Sarah Callaghan: The Pigeon Dying Under the Bush

comedy review | Read in About 2 minutes
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sarah callaghan
Published 20 Aug 2017

After her tremendous 2015 breakthrough show, Sarah Callaghan has undergone a self-diagnosed quarter-life crisis, with the 25-year-old delivering a relentlessly downbeat hour that her sardonic bluntness and disconnected material doesn't come close to building into the lofty heights she only recently scaled.

Walking physically unscathed from a serious car crash last year, accompanying factors and her inclination to introspection have ensured the mental scars remain, even as comedy hasn't proved the lucrative career she might have hoped. Furiously, this authentic working-class performer decries those who've described her as a character act, as if she'd choose to be broke and in a dead-end relationship. Unhappily, the success of her comedy appears to be tied to her having a shit life.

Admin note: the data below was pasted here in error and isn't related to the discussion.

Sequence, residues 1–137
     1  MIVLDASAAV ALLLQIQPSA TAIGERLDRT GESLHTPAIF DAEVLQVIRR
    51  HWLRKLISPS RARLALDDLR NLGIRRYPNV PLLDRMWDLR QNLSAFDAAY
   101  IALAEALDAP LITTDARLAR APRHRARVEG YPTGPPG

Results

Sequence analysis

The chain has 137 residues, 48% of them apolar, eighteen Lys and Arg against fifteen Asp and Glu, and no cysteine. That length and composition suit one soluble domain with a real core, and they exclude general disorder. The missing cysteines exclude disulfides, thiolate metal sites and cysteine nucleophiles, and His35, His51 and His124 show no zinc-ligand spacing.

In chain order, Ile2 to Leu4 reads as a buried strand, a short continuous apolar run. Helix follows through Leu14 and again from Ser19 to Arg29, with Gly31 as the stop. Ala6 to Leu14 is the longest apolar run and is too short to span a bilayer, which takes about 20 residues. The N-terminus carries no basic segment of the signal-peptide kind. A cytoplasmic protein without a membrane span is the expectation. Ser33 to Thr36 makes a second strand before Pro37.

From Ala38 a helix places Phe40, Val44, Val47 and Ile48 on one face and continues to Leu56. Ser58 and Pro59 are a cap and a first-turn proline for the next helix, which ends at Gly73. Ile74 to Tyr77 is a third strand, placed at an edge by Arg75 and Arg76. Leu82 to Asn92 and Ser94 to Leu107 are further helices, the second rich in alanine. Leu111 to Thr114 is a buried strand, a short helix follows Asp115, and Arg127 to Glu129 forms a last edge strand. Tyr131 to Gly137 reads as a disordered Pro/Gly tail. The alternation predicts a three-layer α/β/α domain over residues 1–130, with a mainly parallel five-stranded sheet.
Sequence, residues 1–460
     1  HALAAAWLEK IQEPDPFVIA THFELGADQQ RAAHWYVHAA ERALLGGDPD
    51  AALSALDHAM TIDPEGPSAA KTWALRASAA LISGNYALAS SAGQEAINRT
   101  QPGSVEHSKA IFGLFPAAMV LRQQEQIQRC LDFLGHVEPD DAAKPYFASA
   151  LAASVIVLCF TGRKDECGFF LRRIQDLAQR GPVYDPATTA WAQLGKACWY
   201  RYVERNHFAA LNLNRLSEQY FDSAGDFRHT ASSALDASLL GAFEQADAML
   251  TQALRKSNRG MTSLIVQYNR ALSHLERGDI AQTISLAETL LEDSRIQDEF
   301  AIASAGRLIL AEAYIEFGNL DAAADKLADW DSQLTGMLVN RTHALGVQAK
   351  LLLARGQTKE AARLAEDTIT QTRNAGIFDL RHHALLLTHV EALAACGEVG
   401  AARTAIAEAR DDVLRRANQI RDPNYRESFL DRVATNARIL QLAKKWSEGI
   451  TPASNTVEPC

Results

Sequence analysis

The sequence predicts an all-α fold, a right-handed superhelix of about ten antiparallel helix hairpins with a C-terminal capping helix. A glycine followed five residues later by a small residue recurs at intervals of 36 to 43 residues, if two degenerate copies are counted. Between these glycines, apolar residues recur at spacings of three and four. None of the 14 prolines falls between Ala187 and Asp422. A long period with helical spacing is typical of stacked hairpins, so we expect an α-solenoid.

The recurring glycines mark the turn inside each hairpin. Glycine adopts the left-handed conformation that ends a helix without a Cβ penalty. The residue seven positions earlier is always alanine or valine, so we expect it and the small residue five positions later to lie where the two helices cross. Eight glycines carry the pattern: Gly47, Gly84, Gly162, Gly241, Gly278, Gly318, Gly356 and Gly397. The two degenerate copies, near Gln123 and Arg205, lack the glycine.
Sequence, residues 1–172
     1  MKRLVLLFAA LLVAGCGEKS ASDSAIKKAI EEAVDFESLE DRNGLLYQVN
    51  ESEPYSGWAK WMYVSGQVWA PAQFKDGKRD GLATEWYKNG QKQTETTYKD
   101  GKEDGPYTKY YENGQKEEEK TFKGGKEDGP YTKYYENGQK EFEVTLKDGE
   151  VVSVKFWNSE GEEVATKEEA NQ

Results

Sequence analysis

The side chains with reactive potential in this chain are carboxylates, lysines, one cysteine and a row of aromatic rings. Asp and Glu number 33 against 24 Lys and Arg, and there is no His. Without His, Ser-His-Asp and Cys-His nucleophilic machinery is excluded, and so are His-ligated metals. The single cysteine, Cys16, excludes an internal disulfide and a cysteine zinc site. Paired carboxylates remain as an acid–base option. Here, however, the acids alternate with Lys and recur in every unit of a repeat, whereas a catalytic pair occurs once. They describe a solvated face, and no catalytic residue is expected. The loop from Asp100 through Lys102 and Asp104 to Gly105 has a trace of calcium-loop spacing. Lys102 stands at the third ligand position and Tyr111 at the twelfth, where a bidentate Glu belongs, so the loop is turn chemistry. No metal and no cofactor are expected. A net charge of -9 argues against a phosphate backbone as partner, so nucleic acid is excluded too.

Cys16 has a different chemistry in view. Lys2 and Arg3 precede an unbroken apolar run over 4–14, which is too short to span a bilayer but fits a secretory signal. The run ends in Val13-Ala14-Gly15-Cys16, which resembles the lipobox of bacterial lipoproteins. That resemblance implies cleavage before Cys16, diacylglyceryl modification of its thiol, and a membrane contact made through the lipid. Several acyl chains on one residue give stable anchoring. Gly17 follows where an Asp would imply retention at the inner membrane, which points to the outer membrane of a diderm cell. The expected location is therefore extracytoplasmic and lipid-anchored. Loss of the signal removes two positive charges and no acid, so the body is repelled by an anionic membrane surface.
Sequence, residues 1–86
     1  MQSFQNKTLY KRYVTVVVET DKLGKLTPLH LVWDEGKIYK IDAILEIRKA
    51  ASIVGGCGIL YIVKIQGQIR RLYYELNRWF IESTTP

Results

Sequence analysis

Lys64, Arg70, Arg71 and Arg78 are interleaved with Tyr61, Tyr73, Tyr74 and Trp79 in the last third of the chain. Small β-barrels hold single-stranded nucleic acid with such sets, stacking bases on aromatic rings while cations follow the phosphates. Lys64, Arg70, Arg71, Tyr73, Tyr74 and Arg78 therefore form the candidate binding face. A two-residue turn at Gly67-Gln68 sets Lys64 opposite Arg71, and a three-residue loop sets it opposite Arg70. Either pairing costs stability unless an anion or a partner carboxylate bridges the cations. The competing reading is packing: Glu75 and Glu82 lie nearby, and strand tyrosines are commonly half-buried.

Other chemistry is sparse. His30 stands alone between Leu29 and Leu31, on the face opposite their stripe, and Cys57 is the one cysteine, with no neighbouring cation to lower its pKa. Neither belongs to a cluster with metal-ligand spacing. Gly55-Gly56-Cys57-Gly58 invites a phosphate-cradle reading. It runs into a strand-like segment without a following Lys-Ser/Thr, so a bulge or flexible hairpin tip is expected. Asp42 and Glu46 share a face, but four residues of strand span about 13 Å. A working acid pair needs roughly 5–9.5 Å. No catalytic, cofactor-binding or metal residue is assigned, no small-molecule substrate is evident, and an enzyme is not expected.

Bemoaning the relentless, depressing nature of the news, she affects not to mention President Trump while keeping him as a recurring bogeyman in the background. Retaining a negative view of the state of the world and humanity, she greatly prefers animals – so much more focused and straightforward in their purpose. All except for pigeons, that is. So it comes as a surprise to her to find herself empathising with one as it crashes into a bush in front of her, its struggle for life stirring something within her, stimulating a desire for change.

Much more assured when focusing on her own existence rather than forcing social commentary, Callaghan doesn't quite convince you that she's back on her upwards path. Though since she's unquestionably got the comedic gifts to get there, you hope she succeeds.